Coroutines are a general control structure allowing flow control to pass cooperatively between two different routines. Coroutines in this library are computations which can suspend their execution and return control to their invoker, which can resume the computation. Coroutines can be used to implement pipelines as described in Coroutine Pipelines by Mario Blažević.
If you are creating asynchronous or concurrent pipelines you may be interested in:
If you need a featureful streaming library, you may also be interested in:
If you are looking for a FRP library, then you may be interested in:
coroutines with Spago:
spago install coroutines
This quick start briefly introduces the basics of
coroutines. For a more thorough, beginner-friendly introduction to the library, please see the library documentation.
The basic building block of
coroutines is the coroutine type
Co, which exhibits different behavior when it suspensd based on a functor
Emit ofunctor, the coroutine emits an output of type
oand is a
Await ifunctor, the coroutine waits for an input of type
iand is a
Transform i ofunctor, the coroutine waits for an input of type
i, and emits an output of type
o, and is a
A coroutine which emits can be thought of as a generator, where each yield produces a value. A coroutine which awaits can be thought of as an iteratee, where each yield demands a value. And a coroutine which transforms does both: it demands an input, and produces an output.
Using these three building blocks we can create some standard coroutines and form them into pipelines.
Here is a coroutine which generates natural numbers:
nats :: forall m. (Monad m) => Producer Int m Unit nats = go 0 where go i = do emit i go (i + 1)
The computation runs, emits a number, and suspends; when resumed it will emit the next number and then suspend again. It uses the
emit :: forall m o. Monad m => o -> Producer o m Unit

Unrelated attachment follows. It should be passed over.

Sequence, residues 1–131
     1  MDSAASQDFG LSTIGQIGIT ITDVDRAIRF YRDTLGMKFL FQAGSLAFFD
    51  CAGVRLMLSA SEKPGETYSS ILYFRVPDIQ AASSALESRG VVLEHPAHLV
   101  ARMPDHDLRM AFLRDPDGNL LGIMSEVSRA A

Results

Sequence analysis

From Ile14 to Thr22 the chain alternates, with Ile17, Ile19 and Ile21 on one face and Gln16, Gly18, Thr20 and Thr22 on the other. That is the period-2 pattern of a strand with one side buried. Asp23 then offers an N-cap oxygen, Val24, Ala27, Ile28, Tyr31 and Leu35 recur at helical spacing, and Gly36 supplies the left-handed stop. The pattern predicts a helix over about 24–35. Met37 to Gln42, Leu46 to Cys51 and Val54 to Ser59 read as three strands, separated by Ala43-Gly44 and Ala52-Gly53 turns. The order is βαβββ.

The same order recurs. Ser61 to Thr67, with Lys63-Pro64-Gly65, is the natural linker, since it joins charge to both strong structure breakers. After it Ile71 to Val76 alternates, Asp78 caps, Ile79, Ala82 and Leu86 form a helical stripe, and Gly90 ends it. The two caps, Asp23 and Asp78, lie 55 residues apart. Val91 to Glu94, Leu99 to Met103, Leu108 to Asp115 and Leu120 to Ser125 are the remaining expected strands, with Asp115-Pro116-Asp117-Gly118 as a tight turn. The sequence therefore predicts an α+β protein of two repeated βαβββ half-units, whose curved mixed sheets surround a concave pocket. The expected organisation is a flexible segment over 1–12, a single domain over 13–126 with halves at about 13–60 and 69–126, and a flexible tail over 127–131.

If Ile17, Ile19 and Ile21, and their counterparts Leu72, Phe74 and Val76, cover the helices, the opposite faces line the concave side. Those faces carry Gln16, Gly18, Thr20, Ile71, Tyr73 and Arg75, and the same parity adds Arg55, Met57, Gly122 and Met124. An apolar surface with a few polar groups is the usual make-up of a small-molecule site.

Here is a coroutine which accepts and prints strings:
printer :: forall a. Consumer String (Aff _) Unit printer = forever do s <- await lift (log s)
The computation suspends, awaiting a number. When it receives a number it logs the number and then suspends, awaiting a new number. It uses the
await :: forall m i. Monad m => Consumer i m i
Here is a coroutine which transforms inputs by showing them as strings:
showing :: forall a m. (Show a, Monad m) => Transformer a String m Unit showing = forever (transform show)
The computation suspends, awaiting an
a. When it receives the awaited value, it transforms it into a string, emits the new value, and suspends again, awaiting another
a. It uses the
transform :: forall m i o. Monad m => (i -> o) -> Transformer i o m Unit
These coroutines can be combined together using a handful of operators, the most common of which include:
connect :: forall o f m a. MonadRec m => Parallel f m => Producer o m a -> Consumer o m a -> Process m a infixr 2 connect as $$ transformProducer :: forall i o f m a. MonadRec m => Parallel f m => Producer i m a -> Transformer i o m a -> Producer o m a infixr 2 transformProducer as $~ transformConsumer :: forall i o f m a. MonadRec m => Parallel f m => Transformer i o m a -> Consumer o m a -> Consumer i m a infixr 2 transformConsumer as ~$ composeTransformers :: forall i j k f m a. MonadRec m => Parallel f m => Transformer i j m a -> Transformer j k m a -> Transformer i k m a infixr 2 composeTransformers as ~~
Once composed, the resulting computation can be run using
runFreeT. If you have used
connect to connect a producer and consumer, then you can use
runProcess (a helper function for running a producer/consumer pair via
This example transforms the
nats producer so that instead of producing integers it produces strings, and then connects the resulting producer to the
printer consumer. Once connect, we can use
runProcess to run the pipeline:
main = launchAff $ runProcess ((nats $~ showing) $$ printer)
The producer will emit a value, then yield; this value will satisfy the
await call in the consumer, which will use the value and then yield back to the producer. This process will continue indefinitely.
coroutines documentation is stored in a few places:
- Module documentation is published on Pursuit.
- Written documentation is kept in the docs directory.
- Usage examples can be found in the test suite.
If you get stuck, there are several ways to get help:
- Open an issue if you have encountered a bug or problem.
- Search or start a thread on the PureScript Discourse if you have general questions. You can also ask questions in the
#purescript-beginnerschannels on the Functional Programming Slack (invite link).
You can contribute to
coroutines in several ways:
If you encounter a problem or have a question, please open an issue. We'll do our best to work with you to resolve or answer it.
If you would like to contribute code, tests, or documentation, please read the contributor guide. It's a short, helpful introduction to contributing to this library, including development instructions.
If you have written a library, tutorial, guide, or other resource based on this package, please share it on the PureScript Discourse! Writing libraries and learning resources are a great way to help this library succeed.